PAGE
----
As the world watches the Summer Olympic Games in Tokyo, we are celebrating our own version of the Olympics closer to home. Welcome to the Santa Clara Valley Wildlife Olympics 2021!
The Santa Clara Valley Open Space Authority is launching a three-part educational webinar series, Discovering Coyote Valley, to tell the story of this last-chance landscape and raise awareness about the Coyote Valley Conservation Areas Master Plan for these protected lands.
Coyote Valley is a rural landscape located at the southern edge of San José, California in Santa Clara County. Due to its location and natural resources, Coyote Valley has long been a place where human and natural communities intersect. The long-term vision is to make Coyote Valley a landscape for all, forever. Check out the list below to learn some of the benefits of protecting these lands.
In September of 2020, Keep Coyote Creek Beautiful (KCCB) was awarded a $37,701 grant from the Open Space Authority's Urban Grant Program for their Community and Virtual BioBlitz Events. Now, in 2021, these projects are in full swing.
With scientists warning that humanity is causing the sixth mass-extinction of Earth’s history, it’s not often we hear uplifting stories about the success of an endangered species. And more seldom do such stories take place right in our own backyard. This is the case, however, for the white-tailed kite, a once highly endangered bird – and even locally extinct, in some areas. Much to our excitement, the white-tailed kite is defying the odds and making quite the resurgence in Santa Clara Valley.
Peninsula Open Space Trust and the Open Space Authority Take New Approach to restoring Coyote Valley's Watershed
Updated on Thursday, July 15, 2021
In 2020, severely dry conditions resulted in yet another record-shattering fire year across the West. Amid rising summer temperatures, California’s rapidly shrinking water supply reveals an urgent need to address the State’s worsening drought, a side effect of our warming climate. It also draws attention to local water management practices, and the importance of groundwater as a water source during droughts. Together, Peninsula Open Space Trust (POST) and the Open Space Authority are monitoring local drought conditions and using nature-based solutions like groundwater monitoring to help inform floodplain and habitat restoration projects to help make drought impacts less severe.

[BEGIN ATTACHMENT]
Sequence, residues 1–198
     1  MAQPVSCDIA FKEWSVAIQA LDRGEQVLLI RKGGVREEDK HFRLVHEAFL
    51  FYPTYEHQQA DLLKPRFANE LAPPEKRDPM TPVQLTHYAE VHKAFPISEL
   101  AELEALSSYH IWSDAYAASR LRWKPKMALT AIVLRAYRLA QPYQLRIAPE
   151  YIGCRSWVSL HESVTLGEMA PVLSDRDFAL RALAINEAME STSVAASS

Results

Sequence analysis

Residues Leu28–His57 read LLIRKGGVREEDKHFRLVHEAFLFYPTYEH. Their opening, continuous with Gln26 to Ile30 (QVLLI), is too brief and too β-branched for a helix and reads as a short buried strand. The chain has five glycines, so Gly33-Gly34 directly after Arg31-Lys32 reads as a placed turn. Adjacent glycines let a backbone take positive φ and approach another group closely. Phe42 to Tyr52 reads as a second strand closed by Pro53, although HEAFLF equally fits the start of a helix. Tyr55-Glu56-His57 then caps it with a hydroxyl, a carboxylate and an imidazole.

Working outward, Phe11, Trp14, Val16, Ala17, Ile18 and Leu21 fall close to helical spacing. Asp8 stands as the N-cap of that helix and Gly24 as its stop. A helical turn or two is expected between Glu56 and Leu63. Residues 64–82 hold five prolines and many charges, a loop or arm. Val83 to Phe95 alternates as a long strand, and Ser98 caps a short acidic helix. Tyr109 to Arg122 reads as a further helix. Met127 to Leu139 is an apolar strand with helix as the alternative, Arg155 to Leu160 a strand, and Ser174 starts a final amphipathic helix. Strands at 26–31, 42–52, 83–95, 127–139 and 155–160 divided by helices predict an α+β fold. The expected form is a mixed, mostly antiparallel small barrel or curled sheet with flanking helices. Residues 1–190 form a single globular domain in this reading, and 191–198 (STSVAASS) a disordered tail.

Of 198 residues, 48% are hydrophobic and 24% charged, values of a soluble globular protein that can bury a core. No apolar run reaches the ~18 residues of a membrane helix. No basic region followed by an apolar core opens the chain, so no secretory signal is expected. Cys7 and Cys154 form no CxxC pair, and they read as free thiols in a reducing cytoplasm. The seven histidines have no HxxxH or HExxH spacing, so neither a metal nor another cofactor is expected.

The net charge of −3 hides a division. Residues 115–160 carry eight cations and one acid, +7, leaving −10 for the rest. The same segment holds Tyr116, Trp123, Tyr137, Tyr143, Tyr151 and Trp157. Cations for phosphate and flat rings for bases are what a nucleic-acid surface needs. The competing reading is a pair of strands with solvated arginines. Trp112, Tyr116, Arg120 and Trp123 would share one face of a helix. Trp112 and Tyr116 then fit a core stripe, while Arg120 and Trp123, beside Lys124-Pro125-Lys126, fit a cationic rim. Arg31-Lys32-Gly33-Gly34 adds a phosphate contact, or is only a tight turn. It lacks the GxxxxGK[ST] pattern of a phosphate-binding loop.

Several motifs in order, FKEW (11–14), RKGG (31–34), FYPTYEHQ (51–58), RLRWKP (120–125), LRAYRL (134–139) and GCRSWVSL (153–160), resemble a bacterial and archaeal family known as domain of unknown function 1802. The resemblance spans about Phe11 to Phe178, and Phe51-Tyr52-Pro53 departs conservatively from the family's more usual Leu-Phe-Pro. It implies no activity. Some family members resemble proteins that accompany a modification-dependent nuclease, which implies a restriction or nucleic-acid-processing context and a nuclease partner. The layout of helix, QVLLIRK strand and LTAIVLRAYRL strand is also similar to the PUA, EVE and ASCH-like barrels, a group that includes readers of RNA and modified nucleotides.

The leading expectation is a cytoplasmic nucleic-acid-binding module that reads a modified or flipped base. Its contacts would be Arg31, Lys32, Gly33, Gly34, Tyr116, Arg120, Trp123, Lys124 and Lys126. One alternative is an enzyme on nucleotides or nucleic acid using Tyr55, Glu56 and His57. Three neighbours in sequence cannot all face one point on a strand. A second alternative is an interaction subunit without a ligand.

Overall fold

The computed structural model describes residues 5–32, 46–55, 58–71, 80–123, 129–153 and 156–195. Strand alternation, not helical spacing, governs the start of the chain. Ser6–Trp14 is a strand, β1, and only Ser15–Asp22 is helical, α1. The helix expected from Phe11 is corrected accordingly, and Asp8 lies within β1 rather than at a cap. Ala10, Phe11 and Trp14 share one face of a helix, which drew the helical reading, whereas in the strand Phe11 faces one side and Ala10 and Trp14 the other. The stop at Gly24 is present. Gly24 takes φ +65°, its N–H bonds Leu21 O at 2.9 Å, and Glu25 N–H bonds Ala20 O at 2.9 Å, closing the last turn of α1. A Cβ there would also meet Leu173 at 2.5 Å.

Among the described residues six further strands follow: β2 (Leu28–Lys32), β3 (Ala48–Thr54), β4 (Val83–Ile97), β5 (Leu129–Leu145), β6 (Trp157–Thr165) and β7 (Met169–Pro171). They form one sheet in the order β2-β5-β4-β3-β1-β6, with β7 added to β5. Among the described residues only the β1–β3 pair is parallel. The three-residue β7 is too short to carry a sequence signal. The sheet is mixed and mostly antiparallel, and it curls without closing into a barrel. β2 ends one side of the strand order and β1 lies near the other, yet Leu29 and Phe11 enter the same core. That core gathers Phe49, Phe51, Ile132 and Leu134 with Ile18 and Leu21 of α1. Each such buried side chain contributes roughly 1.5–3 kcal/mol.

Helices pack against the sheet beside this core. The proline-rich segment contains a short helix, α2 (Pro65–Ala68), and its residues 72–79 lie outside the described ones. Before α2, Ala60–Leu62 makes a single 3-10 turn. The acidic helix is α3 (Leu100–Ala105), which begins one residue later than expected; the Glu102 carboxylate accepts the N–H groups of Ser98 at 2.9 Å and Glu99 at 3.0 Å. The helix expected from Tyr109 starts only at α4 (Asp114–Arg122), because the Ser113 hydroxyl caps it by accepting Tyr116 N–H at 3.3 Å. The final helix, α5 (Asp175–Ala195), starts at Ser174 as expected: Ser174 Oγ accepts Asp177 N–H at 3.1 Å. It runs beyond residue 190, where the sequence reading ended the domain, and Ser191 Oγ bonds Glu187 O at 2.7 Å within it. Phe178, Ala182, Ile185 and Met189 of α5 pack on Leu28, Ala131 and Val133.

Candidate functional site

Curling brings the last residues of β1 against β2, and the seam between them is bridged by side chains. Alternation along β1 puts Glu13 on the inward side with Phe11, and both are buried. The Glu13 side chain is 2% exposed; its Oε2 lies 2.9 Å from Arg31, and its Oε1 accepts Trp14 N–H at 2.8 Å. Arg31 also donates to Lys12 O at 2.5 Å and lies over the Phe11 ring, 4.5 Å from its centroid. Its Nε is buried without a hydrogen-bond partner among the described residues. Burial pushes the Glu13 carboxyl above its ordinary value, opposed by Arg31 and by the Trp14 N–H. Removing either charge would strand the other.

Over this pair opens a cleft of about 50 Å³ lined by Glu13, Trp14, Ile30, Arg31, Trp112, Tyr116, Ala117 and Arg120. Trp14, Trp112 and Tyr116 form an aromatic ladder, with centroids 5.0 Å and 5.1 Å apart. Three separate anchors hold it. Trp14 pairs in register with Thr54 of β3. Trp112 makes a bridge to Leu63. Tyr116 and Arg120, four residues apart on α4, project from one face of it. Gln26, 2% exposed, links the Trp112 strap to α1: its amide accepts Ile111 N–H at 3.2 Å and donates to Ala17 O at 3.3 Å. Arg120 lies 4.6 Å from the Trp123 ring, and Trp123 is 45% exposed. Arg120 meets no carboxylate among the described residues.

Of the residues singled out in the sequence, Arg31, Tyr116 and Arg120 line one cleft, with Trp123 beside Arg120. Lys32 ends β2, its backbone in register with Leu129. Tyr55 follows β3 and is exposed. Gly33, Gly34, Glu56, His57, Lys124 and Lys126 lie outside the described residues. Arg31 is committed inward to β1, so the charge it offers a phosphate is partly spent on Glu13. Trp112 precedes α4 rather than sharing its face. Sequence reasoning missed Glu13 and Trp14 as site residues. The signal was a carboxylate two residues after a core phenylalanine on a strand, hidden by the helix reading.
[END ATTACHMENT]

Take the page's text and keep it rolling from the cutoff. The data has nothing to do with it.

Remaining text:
The Open Space Authority is committed to the values of inclusion and equity in every facet of our work. We recognize this is a life-long effort, without a beginning or an end. It includes short-term and long-term goals, and our first step is listening to the community and reflecting upon our own practices and systems of work. From here, we will reflect on the ways that we engage in larger systems and structures within our community, both positive and negative, to identify and inform meaningful actions and change.
With summer upon us, who wouldn’t want to get outside and enjoy some sunshine?
On Friday, June 18th, the Santa Clara Valley Open Space Authority received the District Transparency Certificate of Excellence by the Special District Leadership Foundation (SDLF) in recognition of its outstanding efforts to promote transparency and good governance.
To continue the momentum of protecting Coyote Valley for years to come, Open Space Authority is now managing two new properties in Mid-Coyote Valley in partnership with Peninsula Open Space Trust (POST).
- Community-Focused Climate Resilience Project Receives $16 Million
- The Secret Lives of Squirrels
- A Struggling Icon: Western Monarchs Return to the Coast
- 10 Ways to Celebrate Self-Care Month With Nature
- Drought got you bummed? Save Water & Money With These Tips
- Drought Resilience Through Restoration
- Zimmerman: Our underappreciated open spaces (San José Spotlight)
- Coyote Valley Conservation Lands Network Grows with Historic Ranch Purchase
- Coyote Valley is Yours: Help Us Plan Its Future
- Staff Spotlight: Meet Nick Perry